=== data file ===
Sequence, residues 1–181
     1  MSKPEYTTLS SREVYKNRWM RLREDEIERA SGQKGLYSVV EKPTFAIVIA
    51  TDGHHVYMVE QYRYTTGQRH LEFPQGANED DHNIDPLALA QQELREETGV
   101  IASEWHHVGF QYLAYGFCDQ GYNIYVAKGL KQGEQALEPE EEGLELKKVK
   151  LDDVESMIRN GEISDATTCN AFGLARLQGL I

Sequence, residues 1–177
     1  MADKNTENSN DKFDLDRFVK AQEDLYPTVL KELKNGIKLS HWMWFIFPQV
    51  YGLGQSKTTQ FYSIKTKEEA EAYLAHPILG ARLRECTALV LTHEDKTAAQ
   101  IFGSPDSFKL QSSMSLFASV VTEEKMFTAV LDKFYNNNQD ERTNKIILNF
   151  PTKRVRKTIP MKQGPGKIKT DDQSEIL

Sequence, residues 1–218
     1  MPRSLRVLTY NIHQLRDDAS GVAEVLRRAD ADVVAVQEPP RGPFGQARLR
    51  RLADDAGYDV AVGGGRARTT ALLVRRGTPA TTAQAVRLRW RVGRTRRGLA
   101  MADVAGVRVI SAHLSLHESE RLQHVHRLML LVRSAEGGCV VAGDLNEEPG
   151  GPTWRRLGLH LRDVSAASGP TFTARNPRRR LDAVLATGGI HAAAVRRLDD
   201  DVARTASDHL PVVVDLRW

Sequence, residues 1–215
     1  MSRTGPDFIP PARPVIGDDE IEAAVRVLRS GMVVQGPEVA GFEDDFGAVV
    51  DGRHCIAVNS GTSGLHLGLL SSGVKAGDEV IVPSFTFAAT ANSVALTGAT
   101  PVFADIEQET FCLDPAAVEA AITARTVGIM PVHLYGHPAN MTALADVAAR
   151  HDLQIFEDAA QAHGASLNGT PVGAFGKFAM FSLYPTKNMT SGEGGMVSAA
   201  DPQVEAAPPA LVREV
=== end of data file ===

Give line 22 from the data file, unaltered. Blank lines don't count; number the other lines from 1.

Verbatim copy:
   201  DPQVEAAPPA LVREV